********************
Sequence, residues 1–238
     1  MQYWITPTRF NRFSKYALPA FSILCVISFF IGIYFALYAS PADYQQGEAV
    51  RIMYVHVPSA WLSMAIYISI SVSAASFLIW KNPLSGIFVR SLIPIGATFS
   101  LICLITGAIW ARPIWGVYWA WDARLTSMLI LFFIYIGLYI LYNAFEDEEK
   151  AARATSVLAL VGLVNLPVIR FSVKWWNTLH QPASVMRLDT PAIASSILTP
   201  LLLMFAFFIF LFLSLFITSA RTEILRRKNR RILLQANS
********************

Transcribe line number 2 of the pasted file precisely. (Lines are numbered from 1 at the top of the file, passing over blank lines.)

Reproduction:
     1  MQYWITPTRF NRFSKYALPA FSILCVISFF IGIYFALYAS PADYQQGEAV